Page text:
How To Read An NFRC Label

How to Read An NFRC Label

Labels can tell you a lot: what’s in your food, how much something costs, or how flammable it might be.


The most important label on your windows is the NFRC label. NFRC stands for the National Fenestration Rating Council—“fenestration” is just a fancy Latin word for windows. Like their name implies, they are a national council that rates the performance of windows. All the major window manufacturers send their windows to the NFRC before they go to market.


After they score a window, they slap a label on it with four numbers. These four numbers tell you everything you need to know about that window’s ability to save you money on energy bills. If you know how to read an NFRC label, you can stride into the showroom with the confidence that you’re getting the best window for you.

The four NFRC ratings are:

1- U-Factor

2- Solar Heat Gain Coefficient (SHGC)

3- Visible Transmittance (VT)

4- Air Leakage


What do the ratings mean?



U-Factor rates how well a window traps in heat. The lower the U-Factor, the better it traps in heat. U-Factor is the top-left score on the label, and the ratings run usually between 0.2 and 1.2. A low U-Factor is especially important in climates with very cold winters.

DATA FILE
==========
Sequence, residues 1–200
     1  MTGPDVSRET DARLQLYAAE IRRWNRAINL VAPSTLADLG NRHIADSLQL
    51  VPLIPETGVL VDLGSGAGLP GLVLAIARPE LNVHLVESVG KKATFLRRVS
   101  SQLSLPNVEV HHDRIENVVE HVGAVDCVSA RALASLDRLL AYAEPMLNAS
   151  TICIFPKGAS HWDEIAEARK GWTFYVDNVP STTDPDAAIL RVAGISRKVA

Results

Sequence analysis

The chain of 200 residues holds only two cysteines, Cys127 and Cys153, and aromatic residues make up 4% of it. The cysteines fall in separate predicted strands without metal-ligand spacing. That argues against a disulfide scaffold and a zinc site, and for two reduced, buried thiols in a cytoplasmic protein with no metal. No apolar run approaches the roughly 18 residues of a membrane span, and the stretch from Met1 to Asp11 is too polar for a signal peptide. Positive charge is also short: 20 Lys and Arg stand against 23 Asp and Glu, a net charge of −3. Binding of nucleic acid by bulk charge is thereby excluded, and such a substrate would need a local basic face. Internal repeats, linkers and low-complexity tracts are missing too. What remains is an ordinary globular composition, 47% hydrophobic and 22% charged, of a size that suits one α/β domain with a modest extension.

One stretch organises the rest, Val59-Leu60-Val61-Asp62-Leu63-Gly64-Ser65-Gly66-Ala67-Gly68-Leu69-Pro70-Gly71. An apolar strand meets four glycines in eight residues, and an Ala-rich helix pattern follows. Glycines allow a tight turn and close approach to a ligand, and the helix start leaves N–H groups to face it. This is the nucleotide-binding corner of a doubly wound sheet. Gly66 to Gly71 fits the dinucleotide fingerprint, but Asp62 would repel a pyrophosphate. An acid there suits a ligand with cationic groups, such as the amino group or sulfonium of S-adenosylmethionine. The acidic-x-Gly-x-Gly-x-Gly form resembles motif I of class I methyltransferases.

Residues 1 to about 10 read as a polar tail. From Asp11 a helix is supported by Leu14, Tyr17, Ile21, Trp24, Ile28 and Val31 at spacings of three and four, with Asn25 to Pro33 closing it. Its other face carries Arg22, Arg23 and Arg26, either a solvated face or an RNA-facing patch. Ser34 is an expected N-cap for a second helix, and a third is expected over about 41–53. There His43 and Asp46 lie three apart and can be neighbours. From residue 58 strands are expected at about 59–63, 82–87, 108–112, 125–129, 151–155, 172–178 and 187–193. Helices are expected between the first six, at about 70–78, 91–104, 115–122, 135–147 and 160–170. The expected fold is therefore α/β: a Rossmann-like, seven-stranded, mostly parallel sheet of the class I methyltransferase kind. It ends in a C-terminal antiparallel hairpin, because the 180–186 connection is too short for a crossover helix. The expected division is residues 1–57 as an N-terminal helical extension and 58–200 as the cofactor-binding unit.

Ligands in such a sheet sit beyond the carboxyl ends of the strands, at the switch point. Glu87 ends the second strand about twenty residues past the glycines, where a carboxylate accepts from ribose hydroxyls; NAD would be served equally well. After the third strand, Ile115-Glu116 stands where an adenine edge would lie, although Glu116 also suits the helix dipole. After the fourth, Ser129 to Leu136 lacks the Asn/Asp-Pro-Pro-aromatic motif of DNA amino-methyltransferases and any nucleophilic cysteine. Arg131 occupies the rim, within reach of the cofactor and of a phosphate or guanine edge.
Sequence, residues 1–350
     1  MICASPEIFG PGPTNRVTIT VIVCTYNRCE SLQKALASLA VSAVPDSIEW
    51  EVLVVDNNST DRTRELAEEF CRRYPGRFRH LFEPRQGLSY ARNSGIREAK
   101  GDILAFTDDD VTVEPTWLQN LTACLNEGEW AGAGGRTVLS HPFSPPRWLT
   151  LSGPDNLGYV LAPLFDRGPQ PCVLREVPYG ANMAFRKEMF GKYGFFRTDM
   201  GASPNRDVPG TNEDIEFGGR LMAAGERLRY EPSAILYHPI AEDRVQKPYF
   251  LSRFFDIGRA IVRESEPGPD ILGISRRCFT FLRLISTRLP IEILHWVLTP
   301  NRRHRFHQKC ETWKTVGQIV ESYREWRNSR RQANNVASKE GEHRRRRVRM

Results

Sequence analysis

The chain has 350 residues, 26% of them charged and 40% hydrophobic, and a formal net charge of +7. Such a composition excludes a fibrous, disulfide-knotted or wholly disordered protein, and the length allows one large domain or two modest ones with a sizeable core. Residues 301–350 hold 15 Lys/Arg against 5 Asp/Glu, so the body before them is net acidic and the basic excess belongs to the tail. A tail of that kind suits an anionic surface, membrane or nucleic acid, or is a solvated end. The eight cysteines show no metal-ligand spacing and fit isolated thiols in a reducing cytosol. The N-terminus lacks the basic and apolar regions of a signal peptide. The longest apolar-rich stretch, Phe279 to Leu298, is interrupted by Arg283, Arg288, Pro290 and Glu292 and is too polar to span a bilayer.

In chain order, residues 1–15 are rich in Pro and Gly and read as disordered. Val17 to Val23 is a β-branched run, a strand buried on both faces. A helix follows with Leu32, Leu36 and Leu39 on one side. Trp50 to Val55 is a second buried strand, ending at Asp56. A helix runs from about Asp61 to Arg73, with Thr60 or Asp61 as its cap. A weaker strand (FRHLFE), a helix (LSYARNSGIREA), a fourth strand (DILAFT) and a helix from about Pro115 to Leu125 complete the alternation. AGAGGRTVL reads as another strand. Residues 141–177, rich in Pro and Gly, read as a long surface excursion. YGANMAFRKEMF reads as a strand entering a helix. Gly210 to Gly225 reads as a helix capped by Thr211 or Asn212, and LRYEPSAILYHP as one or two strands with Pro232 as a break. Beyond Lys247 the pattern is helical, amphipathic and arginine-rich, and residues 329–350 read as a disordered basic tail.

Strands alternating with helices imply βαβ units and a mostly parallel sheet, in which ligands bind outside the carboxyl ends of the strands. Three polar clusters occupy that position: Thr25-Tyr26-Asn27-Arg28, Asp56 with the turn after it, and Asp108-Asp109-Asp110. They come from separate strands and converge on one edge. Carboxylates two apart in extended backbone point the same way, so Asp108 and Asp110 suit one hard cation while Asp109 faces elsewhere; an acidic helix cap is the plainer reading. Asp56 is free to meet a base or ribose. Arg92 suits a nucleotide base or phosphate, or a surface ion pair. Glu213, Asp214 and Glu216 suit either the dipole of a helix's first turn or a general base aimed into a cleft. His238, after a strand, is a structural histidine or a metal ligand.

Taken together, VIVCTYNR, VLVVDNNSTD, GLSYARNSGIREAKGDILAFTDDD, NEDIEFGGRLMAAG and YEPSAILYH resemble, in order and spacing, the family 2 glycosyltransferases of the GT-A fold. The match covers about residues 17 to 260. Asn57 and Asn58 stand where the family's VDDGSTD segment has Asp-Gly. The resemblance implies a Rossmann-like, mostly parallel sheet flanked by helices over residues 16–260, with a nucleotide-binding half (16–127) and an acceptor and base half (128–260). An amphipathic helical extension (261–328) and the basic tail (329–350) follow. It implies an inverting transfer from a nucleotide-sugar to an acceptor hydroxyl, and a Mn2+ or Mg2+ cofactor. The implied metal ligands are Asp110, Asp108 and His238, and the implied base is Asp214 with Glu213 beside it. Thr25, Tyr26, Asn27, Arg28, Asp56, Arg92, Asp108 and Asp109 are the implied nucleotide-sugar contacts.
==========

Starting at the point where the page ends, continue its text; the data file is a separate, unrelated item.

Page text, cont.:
Solar Heat Gain Coefficient (SHGC)

solar heat gain coefficient

SHGC rates how well a window blocks heat from getting inside. The lower the SGHC, the better the window blocks outside heat. SHGC is the top-right score on the label, and the ratings run between 0 and 1. Low SGHC ratings are especially important in climates with very hot summers.


Visible Transmittance (VT)

VT rates how much natural light can come through your window. The higher the VT, the more natural light is allowed to shine through. VT is the bottom-left score on the label, and the ratings run between 0 and 1. Your VT rating depends on how bright or dark you like the room to be.


Air Leakage (AL)

AL rates how much air leaks through the window. The lower the AL, the better the window keeps air out. AL is the bottom-right score on the label, and the ratings run usually between 0.1 and 0.3. It’s the only optional rating, meaning a manufacturer may opt out of putting it on their windows.

A less common optional rating is Condensation Resistance, which is a score from 1-100 of how well the window resists the formation of condensation on its panes. The higher the rating, the less condensation is able to form.


Most people know to look for the Energy Star Label on their windows, but don’t know that all Energy Star-rated windows must first be rated by the NFRC. All Energy Star products are eco-friendly, and when you know how to read an NFRC label, you know exactly how well your window will perform relative to others.


The Window Source of Atlanta proudly carries windows with the NFRC label, so your window shopping is as simple as possible. Call us at (470) 275-5159 or get a free estimate online to find the best windows for you.

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